The findings described above have inspired us to assemble an extended PP2A biogenesis model, based on the initial model in yeast [43] and the key role of α4 in regulating PP2A C stability [113] (Fig. 3). Although it is partly speculative, and in part it has to reconcile some contradictory observations, this model might be useful for further experimental investigation of some of the inferred interconnections. In addition, it may apply both to the de novo synthesis of PP2A holoenzymes and to their (re)assembly following cellular stress, such as DNA damage. At this point in particular, TIPRL1 may play an important role in preventing promiscuous phosphatase activity of the active C subunit released from the holoenzyme after its stress-induced disassembly. Afterwards or at the same time, α4 may play a decisive role in regulating whether the released C subunit will be degraded or recycled [113] (Fig. 3). We have also included a number of specific cytosolic chaperonins (Fig. 3), identified in some studies on the PP2A interactome, which may aid in the proper folding of individual PP2A subunits/regulators during or immediately following their translation [133,134]. In this regard, Cα, Cβ, PTPA, the striatins and all PR55/B subunits were found in complexes with members of the TRiC/CCT complex, whereas PP2A Cβ was uniquely linked to the prefoldin complex [134]. A key point in the biogenesis model is the synthesis of PP2A C subunit as an inactive protein, which is a requirement to protect the cell from any promiscuous PP2A action [43,44]. Ubiquitin-mediated degradation of unstable, free C subunit is prevented through the association with α4 [113] (see Fig. 2C for more details). As both TIPRL1 [109] and PTPA [84,85] can be found as parts of trimolecular α4–PP2A C complexes, we speculate that TIPRL1 might stabilize an inactive α4–PP2A C complex, whereas the action of PTPA might result in the generation of an active α4–PP2A C complex that is fully capable of dephosphorylating its specific set of cellular substrates. In such a scenario, TIPRL1 might thus play a similar surveillance role as PME-1 in controlling the assembly of active α4–PP2A complexes, and PTPA would be able to antagonize TIPRL1 function. Alternatively, it is possible that TIPRL1 is not directly involved at this stage of PP2A biogenesis (Fig. 3). The assembly of the classical trimeric holoenzymes would involve the appearance of the A subunit, which competes with α4 for PP2A C binding, and of PTPA, which refolds the C subunit into an active form [44], potentially through its prolyl-peptidyl cis/trans isomerase activity on Pro190 of PP2A C [70,71]. The activated PP2A dimer can now be efficiently methylated by LCMT1 [58]. PP2A C methylation subsequently allows or facilitates binding of the B-type subunits [4]. PME-1 regulates this process by binding and stabilizing the not yet activated PP2A dimeric AC form, and, at the same time, by preventing C subunit methylation [43]. Also in this case, the action of PTPA will result in PP2A C activation and the release of PME-1 [43,65], thus again allowing PP2A methylation and the completion of holoenzyme assembly (Fig. 3). Finally, we have previously reported the potential existence of PTPA-reactivatable, inactive PME-1-bound PP2A trimers [65]. On the basis of quantitative interactomics data [68], we speculate that – unlike PME-1-bound dimeric PP2A – PME-1-bound trimeric PP2A might not represent a significant PP2A fraction, but rather should be considered as a transient complex resulting from aberrations in the biogenesis process (Fig. 3).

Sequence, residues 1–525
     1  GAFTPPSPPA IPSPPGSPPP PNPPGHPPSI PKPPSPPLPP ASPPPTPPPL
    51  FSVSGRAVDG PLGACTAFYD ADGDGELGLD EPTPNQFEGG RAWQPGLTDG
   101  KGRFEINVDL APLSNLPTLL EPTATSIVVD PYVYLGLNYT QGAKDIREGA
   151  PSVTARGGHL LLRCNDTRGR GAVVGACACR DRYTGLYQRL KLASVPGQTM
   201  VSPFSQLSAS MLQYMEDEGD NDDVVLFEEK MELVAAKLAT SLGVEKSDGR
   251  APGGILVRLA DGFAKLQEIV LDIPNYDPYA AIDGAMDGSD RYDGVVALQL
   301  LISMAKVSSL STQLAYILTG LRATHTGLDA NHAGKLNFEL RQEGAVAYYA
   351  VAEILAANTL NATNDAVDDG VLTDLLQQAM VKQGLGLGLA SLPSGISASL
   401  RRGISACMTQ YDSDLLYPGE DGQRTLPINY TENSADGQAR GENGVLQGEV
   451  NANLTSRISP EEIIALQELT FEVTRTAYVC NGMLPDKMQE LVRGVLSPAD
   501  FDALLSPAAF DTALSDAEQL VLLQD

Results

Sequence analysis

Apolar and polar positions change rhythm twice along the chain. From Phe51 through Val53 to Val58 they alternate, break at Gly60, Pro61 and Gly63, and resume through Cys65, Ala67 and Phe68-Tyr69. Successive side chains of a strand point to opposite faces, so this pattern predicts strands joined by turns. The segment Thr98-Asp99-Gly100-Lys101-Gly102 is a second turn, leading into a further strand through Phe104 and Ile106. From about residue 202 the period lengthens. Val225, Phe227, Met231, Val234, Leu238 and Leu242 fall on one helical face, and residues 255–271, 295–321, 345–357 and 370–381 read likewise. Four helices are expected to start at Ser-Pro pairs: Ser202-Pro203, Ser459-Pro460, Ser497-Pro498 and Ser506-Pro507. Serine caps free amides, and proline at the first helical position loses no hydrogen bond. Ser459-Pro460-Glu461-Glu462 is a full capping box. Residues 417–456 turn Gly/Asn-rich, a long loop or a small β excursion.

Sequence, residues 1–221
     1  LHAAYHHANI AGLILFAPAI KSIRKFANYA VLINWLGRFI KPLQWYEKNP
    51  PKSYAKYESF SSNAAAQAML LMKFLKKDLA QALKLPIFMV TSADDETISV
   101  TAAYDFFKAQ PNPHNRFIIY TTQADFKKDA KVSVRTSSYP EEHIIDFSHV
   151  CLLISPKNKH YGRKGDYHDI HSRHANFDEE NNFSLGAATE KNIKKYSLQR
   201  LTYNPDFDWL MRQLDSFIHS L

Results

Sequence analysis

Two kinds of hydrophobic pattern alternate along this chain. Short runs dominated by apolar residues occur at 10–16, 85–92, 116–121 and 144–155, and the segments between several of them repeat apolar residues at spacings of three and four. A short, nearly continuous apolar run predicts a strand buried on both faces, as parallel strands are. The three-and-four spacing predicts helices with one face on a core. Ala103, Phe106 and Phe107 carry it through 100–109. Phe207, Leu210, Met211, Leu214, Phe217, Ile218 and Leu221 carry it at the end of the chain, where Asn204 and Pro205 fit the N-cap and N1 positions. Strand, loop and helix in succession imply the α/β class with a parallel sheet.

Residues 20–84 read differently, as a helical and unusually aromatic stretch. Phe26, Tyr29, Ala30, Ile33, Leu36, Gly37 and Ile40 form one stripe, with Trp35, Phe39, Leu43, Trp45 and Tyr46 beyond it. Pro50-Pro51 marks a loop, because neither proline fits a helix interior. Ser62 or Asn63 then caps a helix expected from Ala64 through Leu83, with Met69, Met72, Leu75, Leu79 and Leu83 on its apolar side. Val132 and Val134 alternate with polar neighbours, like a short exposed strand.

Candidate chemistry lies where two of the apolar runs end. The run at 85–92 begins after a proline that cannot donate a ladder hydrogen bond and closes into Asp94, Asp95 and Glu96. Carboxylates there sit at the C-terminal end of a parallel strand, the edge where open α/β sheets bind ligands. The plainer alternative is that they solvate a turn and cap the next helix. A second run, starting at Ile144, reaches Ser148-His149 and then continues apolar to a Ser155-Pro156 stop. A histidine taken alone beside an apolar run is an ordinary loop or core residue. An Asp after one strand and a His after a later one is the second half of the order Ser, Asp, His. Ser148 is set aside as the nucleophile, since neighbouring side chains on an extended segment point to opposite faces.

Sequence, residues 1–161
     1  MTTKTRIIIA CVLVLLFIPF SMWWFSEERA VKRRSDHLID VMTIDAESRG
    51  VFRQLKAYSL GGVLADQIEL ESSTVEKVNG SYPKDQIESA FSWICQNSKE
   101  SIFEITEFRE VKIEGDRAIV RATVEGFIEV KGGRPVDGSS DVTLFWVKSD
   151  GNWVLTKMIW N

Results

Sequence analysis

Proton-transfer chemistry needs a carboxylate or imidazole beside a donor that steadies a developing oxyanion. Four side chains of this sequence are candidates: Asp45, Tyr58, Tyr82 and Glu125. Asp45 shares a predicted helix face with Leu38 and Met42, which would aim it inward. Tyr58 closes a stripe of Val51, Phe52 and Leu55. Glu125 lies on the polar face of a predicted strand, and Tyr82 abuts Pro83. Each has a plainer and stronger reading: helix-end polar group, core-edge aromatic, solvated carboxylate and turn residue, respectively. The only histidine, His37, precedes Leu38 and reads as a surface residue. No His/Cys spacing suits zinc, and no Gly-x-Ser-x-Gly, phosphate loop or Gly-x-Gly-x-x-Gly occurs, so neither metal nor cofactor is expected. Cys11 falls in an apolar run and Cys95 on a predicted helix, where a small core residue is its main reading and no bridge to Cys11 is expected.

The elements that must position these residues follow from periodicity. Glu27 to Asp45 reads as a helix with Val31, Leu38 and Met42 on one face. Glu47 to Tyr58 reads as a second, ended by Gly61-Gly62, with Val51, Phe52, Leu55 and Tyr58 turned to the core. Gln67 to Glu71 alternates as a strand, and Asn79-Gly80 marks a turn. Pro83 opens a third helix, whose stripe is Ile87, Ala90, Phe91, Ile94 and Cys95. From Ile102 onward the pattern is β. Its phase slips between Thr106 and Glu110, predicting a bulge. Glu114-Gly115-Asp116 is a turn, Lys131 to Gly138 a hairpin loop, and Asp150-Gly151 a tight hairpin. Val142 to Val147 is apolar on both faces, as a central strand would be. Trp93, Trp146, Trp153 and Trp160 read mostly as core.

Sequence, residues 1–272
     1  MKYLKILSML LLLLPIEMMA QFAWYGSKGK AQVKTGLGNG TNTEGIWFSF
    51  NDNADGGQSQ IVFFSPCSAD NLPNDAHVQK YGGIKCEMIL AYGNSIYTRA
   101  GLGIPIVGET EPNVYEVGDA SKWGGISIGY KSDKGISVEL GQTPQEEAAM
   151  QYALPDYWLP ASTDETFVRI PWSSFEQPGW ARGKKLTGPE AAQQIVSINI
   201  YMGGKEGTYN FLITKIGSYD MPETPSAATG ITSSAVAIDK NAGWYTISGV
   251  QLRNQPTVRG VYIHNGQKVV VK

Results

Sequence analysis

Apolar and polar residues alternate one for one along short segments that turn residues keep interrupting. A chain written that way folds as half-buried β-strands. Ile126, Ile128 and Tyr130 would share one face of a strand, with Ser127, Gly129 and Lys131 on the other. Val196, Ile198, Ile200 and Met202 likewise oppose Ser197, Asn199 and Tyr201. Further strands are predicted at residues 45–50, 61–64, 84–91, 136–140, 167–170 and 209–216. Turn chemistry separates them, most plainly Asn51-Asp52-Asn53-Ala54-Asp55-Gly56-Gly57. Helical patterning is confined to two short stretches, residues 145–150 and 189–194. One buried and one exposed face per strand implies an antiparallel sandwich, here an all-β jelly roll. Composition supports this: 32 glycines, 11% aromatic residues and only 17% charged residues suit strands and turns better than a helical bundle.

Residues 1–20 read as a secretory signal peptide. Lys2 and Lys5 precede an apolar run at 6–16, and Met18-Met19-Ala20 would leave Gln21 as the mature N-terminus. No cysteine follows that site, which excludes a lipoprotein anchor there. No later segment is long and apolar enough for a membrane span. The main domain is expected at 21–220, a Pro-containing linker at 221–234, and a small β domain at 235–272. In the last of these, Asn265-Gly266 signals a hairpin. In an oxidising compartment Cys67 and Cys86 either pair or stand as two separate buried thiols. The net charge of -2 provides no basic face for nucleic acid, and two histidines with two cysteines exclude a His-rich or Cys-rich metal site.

Figure 3.